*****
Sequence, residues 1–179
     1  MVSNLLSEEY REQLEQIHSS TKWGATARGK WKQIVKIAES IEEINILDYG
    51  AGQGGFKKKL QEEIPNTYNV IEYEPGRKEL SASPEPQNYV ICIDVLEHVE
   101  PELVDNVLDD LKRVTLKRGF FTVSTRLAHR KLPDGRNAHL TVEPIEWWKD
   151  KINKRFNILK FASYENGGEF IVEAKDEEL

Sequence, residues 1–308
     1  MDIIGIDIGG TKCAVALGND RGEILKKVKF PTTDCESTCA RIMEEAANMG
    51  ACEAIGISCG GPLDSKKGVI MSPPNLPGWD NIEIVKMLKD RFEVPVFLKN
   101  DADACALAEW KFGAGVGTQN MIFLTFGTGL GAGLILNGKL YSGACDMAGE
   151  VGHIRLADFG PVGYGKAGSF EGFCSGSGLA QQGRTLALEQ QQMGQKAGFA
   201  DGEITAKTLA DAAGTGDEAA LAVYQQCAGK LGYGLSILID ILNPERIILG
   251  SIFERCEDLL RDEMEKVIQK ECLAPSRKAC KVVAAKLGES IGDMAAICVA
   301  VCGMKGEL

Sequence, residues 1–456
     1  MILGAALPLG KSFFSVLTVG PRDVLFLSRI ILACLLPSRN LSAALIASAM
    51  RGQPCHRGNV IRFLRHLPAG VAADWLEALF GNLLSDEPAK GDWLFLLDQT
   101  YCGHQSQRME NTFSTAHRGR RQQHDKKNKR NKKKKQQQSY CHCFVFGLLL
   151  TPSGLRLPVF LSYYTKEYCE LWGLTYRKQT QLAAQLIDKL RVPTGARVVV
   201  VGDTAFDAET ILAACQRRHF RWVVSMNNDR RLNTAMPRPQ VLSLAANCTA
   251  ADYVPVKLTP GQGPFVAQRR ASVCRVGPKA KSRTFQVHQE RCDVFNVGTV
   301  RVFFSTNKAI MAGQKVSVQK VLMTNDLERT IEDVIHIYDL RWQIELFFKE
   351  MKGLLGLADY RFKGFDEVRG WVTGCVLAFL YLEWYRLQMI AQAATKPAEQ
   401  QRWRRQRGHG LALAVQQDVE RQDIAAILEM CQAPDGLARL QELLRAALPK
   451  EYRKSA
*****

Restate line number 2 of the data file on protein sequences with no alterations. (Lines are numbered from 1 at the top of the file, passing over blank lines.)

     1  MVSNLLSEEY REQLEQIHSS TKWGATARGK WKQIVKIAES IEEINILDYG